PRISM: international’s Prose Editor Christopher Evans caught up with PRISM’s 2015 Short Fiction Contest winner Kate Cayley. Kate Cayley has published a collection of poetry, When This World Comes to an End (Brick Books) and a collection of short stories, How You Were Born (Pedlar Press), which won the 2015 Trillium Award. She is a playwright-in-residence with Tarragon Theatre and has written two plays for Tarragon, After Akhmatova and The Bakelite Masterpiece.
You can check out Cayley’s award-winning story in the latest issue of PRISM and an excerpt here.
One of the things examined in “The Bride and the Street Party” is casual privilege, which manifests in the story as a kind-of magnanimous competitiveness between the women planning the party. This leaves the protagonist, Martha, feeling conspicuous and deeply unsure of herself. Have you felt this way yourself? Or are their other ways in which your life and Martha’s meet?
My life is like Martha’s only insofar as I have young children and live in a rapidly gentrifying Toronto neighbourhood and indulge some of the anxieties inevitably attendant on those things. That said, the story is inspired by the experience of living in a neighbourhood that is changing and having to acknowledge, however reluctantly, how profoundly you yourself (or rather, I, my wife and our three kids) are part of that swift change. That was one jumping-off point for the story. The other was a piece on CBC about parents with children who may be quite disturbed, and my own thoughts on that as a parent. Your worst fear, your greatest rush to judgment. Trying to raise good people with love and kindness and some modicum of grace can really uncover ugly stuff—about our fears and vanities and our tendency to close ranks. But, in a lot of ways, Martha experiences herself as an outsider because being a person who’s become a parent very young can really alienate you, especially in a milieu in which it’s increasingly common to delay having kids. I have almost ten years on Martha, which allows for more time to figure out yourself, your relationship, you work etc., before all that is called into question by the new world of being responsible for children.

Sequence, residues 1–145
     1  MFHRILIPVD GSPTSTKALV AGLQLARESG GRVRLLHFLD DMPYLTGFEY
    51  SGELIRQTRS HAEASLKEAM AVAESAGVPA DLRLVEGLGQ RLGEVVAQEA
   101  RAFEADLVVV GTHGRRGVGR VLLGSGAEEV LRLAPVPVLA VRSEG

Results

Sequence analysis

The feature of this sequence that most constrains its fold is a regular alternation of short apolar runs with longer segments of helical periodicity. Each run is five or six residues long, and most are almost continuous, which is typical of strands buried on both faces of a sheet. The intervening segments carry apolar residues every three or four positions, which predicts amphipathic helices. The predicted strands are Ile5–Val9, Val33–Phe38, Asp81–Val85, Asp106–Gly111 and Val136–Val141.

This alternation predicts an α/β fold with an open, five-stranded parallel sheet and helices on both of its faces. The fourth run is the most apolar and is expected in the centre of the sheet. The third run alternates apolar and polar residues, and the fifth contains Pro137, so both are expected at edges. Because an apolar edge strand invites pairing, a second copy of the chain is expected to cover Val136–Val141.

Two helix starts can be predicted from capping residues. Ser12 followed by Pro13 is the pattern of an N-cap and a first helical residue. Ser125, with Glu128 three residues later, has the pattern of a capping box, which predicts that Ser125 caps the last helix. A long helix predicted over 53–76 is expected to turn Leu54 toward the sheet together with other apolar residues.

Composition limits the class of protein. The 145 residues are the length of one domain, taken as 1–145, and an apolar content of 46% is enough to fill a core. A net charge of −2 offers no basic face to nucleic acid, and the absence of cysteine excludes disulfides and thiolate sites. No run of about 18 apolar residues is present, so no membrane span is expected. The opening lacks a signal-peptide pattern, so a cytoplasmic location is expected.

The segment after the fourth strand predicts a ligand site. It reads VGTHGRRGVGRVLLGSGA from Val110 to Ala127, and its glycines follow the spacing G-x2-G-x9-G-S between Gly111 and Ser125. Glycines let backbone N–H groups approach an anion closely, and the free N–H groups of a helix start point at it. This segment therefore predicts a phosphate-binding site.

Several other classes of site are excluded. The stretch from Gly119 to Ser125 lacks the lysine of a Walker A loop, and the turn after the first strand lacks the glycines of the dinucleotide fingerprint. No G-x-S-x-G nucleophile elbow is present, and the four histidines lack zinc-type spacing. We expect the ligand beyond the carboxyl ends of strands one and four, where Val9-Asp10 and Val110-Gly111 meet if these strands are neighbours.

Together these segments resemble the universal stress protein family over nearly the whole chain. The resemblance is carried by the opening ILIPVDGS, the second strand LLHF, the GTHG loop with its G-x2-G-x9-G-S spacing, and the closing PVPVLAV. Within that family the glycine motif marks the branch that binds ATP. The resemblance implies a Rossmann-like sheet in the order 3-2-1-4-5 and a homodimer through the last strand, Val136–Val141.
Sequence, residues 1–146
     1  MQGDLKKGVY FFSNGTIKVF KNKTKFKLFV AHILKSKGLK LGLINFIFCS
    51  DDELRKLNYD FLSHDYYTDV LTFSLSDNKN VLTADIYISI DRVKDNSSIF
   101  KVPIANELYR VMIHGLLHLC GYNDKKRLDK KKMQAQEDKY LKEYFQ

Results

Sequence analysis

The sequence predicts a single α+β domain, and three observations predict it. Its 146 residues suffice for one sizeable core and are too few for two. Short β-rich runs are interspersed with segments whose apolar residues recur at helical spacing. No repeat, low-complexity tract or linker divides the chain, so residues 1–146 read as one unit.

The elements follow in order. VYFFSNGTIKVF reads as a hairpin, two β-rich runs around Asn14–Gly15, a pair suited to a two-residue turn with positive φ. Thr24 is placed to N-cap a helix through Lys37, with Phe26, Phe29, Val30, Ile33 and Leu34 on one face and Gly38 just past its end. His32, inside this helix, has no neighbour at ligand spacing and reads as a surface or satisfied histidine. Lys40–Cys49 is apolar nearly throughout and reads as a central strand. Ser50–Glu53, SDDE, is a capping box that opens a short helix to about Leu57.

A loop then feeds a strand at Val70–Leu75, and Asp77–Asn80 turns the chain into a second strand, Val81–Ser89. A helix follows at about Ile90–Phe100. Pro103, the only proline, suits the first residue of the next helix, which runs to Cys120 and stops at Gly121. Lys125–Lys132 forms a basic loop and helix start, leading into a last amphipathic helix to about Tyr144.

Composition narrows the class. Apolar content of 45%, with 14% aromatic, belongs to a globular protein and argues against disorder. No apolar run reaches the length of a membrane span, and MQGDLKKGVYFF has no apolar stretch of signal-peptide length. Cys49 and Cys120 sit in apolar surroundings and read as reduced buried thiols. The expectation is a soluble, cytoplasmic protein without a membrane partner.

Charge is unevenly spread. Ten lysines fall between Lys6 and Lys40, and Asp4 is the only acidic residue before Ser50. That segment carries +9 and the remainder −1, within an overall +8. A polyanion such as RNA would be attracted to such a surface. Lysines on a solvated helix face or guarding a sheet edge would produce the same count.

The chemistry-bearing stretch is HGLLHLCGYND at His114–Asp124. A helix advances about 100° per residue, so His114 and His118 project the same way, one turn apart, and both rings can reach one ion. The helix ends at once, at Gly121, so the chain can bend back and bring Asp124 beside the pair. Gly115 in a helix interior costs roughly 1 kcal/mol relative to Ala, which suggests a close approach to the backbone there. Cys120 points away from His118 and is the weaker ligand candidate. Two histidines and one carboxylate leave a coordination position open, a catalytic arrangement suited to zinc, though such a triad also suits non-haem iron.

Martha’s foil in the story is Bronwyn, another mother who appears, at all times, to be confident and collected; Martha views her as both a friend and a nemesis. What or who was the inspiration for Bronwyn? Do you have a nemesis?
Bronwyn is not inspired by anyone. In fact, I think of her as not quite a character. She’s a projection of Martha’s insecurities, and the story is written very close to Martha, who isn’t quite capable of seeing Bronwyn clearly. This is especially telling for me in the part where Martha realizes that Bronwyn knows a lot more about the family affected by the street party than Martha herself does. Martha may hold all the correct opinions about gentrification and the displacement of original residents, but Bronwyn is the one who’s actually taken the time to get to know them. I’ve often found this true for myself: that I hold certain “right” opinions that are manifestly not born out in how I live, in the sense of who I know, and what conversations I might have in the course of a day.
What is the most appealing aspect of short fiction to you? Is there a story that has had a notable impact on the way you approach writing short fiction? Or a writer whose work you particularly admire?